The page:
I spent some time on Jay Hammond’s site looking through brackets from both 1999 and 1989.

Here’s some interesting figures to look back on.

First, let’s go to 1999.
Stephen Abas won the first of this three NCAA Championships for now-defunct Fresno State.
Cael Sanderson won the first of his four NCAA Championships.
Casey Cunningham won the first NCAA title by a Central Michigan wrestler.
Stephen Neal, now of the New England Patriots, beat Brock Lensar, now of the UFC, for the NCAA Division I heavyweight championship.
Ultimate Fighter Alum Matt Hamill, a deaf wrestler, won a Division III championship for RIT.
Wrestlers from Montclair State and Lebanon Valley met in a Division III final.

Back in 1999, the following schools had All-Americans. These same schools no longer sanction wrestling.

Division I
Fresno State, BYU, Slippery Rock
Division II
Carson-Newman*, Southwest Missouri, Central Washington
Division III
Capital, Norwich*, Montclair State, Lebanon Valley, Concordia (Ill.).
*- denotes program was cut this past year, but fighting to stay alive.

11 schools where wrestlers earned All-American status from 1999 don’t have teams anymore.

In 1989, it’s much bigger.

Division I
Clemson, Notre Dame, New Mexico, Syracuse, Fresno State, Eastern Illinois, and Oregon.
Division II
Portland State, Lake Superior State, Grand Valley State, California (Pa.), Cal State-Chico, Winston-Salem State, Norfolk State, Humboldt State, Ferris State, North Dakota, Mansfield, Virginia State and Cheyney State.
Division III
Kean, Montclair State, St. Lawrence, St. Thomas, SUNY-Albany, Gallaudet (a deaf college) , Norwich and Millikin.

We see 29 schools with All-American wrestlers no longer on the mats.

I looked into Division II. Twenty-nine schools represented the 80 All-Americans that year. Of the schools who still have wrestling, North Dakota State, South Dakota State, Buffalo, and UC Davis are Division I, Springfield is Division III. Of those 29 schools, 14 don’t have programs. That leaves 15 schools with All-Americans 20 years ago still in existance. Five of them are in other divisions, leaving just 10 schools still in Division II with All-American legacies dating back at least 20 years.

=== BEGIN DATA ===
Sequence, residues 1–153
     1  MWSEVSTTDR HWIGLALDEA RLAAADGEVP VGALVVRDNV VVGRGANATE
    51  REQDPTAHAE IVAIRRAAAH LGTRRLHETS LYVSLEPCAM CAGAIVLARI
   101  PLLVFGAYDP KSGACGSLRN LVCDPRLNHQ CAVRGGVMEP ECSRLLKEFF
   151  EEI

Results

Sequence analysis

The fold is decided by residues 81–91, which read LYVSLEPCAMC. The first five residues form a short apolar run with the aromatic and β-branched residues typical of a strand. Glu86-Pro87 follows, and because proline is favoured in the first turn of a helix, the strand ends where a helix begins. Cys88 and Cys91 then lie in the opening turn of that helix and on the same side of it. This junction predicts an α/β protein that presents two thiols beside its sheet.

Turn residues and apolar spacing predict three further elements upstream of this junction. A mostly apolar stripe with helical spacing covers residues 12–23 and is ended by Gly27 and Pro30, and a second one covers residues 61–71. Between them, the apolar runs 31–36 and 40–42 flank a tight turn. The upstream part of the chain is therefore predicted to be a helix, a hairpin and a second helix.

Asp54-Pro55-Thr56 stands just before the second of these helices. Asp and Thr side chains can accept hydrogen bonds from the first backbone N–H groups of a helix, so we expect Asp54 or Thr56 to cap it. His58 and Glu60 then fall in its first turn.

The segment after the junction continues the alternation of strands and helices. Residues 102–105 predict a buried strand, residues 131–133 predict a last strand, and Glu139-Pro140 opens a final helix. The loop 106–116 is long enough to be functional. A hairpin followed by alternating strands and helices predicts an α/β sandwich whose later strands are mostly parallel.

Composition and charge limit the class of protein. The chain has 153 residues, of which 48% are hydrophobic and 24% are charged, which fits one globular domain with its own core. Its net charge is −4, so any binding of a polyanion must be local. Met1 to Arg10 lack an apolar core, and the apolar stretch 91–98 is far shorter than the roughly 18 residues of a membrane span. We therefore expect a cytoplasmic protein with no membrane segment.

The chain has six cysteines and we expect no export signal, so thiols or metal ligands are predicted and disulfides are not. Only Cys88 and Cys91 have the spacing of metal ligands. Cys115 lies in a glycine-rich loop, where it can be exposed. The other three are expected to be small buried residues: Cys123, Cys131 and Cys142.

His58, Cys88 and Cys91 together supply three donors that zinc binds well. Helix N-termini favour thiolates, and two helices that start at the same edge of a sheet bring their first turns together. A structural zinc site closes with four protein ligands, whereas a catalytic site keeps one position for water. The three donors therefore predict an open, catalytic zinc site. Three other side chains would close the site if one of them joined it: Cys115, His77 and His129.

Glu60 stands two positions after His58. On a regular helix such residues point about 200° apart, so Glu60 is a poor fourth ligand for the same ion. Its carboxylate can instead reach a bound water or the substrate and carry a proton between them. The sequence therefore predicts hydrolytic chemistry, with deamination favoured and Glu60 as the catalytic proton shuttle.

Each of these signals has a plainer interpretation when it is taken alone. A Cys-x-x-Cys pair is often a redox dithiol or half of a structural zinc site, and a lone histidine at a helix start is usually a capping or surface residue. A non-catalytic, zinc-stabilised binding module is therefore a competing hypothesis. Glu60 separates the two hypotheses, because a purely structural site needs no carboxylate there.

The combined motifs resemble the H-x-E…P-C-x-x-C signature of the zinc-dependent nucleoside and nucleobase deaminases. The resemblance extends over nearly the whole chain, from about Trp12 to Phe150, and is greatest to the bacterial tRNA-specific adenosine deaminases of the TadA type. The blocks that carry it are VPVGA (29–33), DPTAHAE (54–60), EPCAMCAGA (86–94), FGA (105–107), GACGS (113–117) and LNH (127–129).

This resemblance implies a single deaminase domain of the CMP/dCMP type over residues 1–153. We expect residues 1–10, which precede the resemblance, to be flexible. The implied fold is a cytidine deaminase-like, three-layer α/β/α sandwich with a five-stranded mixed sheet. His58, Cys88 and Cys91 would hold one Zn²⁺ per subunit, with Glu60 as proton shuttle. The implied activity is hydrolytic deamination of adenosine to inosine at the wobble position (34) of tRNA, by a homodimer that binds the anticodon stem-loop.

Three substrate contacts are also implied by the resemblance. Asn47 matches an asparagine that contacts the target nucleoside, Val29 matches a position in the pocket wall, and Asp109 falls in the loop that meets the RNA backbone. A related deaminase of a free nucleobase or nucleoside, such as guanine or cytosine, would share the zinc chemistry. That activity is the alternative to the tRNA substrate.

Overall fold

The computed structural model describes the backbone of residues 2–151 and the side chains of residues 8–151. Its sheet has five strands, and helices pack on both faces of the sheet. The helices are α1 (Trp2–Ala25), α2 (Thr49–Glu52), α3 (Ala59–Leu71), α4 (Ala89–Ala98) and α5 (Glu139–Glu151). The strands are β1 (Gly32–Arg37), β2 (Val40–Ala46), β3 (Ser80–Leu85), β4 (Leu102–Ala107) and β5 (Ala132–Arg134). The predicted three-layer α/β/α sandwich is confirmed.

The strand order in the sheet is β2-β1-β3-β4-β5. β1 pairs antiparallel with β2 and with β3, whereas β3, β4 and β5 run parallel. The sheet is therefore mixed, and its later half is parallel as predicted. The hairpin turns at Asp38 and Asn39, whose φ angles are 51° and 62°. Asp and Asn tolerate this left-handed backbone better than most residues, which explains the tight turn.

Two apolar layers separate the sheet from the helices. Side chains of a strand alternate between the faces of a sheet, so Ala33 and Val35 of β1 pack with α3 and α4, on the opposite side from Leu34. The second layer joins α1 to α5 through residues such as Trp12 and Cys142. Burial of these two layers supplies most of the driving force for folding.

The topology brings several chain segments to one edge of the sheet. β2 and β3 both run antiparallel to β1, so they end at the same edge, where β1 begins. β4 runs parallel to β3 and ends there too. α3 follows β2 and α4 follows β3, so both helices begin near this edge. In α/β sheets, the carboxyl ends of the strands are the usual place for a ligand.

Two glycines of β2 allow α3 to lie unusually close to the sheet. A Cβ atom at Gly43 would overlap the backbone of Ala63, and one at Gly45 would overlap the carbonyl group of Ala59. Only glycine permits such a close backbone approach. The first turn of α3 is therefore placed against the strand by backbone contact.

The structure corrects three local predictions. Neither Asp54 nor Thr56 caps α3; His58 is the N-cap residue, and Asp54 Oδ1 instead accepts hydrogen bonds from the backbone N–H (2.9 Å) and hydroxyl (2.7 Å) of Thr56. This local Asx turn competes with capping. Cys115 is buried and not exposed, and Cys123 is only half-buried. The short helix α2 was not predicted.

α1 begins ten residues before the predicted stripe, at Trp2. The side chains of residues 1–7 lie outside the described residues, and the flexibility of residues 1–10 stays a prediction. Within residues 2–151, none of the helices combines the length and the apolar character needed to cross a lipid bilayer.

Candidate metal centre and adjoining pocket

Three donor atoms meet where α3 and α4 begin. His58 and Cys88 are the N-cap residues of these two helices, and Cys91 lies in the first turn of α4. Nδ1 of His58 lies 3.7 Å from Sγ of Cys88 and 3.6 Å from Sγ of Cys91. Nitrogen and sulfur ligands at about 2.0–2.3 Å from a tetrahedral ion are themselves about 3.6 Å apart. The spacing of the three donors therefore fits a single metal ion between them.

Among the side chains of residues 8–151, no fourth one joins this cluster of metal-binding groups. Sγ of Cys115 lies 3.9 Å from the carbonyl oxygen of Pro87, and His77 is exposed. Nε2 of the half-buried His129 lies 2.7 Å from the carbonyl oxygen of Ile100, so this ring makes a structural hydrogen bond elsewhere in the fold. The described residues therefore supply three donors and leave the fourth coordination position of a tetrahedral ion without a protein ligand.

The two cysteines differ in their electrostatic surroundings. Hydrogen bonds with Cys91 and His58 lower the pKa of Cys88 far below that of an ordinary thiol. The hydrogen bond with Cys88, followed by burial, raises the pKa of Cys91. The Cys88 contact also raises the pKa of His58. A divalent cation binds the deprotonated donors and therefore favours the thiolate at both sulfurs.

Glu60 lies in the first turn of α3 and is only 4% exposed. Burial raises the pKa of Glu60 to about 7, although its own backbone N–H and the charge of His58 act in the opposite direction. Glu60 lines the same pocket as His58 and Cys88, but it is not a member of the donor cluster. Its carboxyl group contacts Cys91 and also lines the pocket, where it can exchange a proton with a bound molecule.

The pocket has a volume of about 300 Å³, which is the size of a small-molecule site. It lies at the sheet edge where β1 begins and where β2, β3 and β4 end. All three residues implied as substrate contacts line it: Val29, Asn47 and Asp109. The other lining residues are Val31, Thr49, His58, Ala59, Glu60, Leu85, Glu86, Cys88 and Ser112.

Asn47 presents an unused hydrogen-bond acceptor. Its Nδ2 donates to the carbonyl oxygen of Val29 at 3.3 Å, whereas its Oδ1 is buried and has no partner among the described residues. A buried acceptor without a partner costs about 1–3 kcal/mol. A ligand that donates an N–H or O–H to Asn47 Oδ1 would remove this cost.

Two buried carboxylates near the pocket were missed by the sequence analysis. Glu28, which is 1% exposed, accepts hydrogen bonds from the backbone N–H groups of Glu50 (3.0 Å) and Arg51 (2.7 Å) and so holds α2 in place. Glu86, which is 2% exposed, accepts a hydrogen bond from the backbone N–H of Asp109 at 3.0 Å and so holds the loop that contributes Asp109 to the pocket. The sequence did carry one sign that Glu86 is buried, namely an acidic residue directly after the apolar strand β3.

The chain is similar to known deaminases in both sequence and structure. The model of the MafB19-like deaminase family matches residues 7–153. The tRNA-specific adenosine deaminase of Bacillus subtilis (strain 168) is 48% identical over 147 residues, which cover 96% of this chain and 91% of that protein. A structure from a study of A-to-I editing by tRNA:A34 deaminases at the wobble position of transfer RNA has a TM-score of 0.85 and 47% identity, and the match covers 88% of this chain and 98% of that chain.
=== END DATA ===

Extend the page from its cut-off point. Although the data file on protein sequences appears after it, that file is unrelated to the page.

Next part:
Let’s look at the racial makeup as well, since I’ve posted much about Delaware State’s abandonment of the African-American wrestling community by becoming the final HBCU to cut wrestling. In Division II in 1989, four HBCU’s had All-Americans — Norfolk State, Winston-Salem State, Virginia State and Cheyney.

How many wrestlers from those schools (all, not just the HBCU’s) have kids who wrestle? That’s 29 schools where legacies can’t be established and a sense of pride is lost.

There are a lot of things to blame, but factor in the economy and gender quotas and it makes it much more apparent the money from our tight-sphinctered sport needs to be flowing to save our programs, too.

By the way, I’m going to revive my “Dropped Program Project” in the coming weeks.


I turn 30 in August, so I figured I’d go ahead and look at what programs we had with All-Americans, but don’t now, in 1979, the year I was born.

Syracuse, LSU, Kentucky, Slippery Rock, BYU, Portland State, Toledo, Eastern Illinois, Grand Valley State, Miami (Ohio), Oregon, UCLA, California (Pa.), Oakland (Mich.), Morgan State, Northern Michigan, Southern Connecticut State, C.W. Post, Cal State-Sacramento, Lake Superior State, Central Connecticut State, Central Florida, Youngstown State, Southwest Missouri, Southeast Missouri, South Dakota, Salisbury, Humboldt State, Minnesota-Morris, St. Lawrence, Kalamazoo, Mansfield, Cal State-Sanislaus, Allegheny, Juniata, SUNY-Postdam.

Written by Jason Bryant

July 14, 2009 at 7:03 pm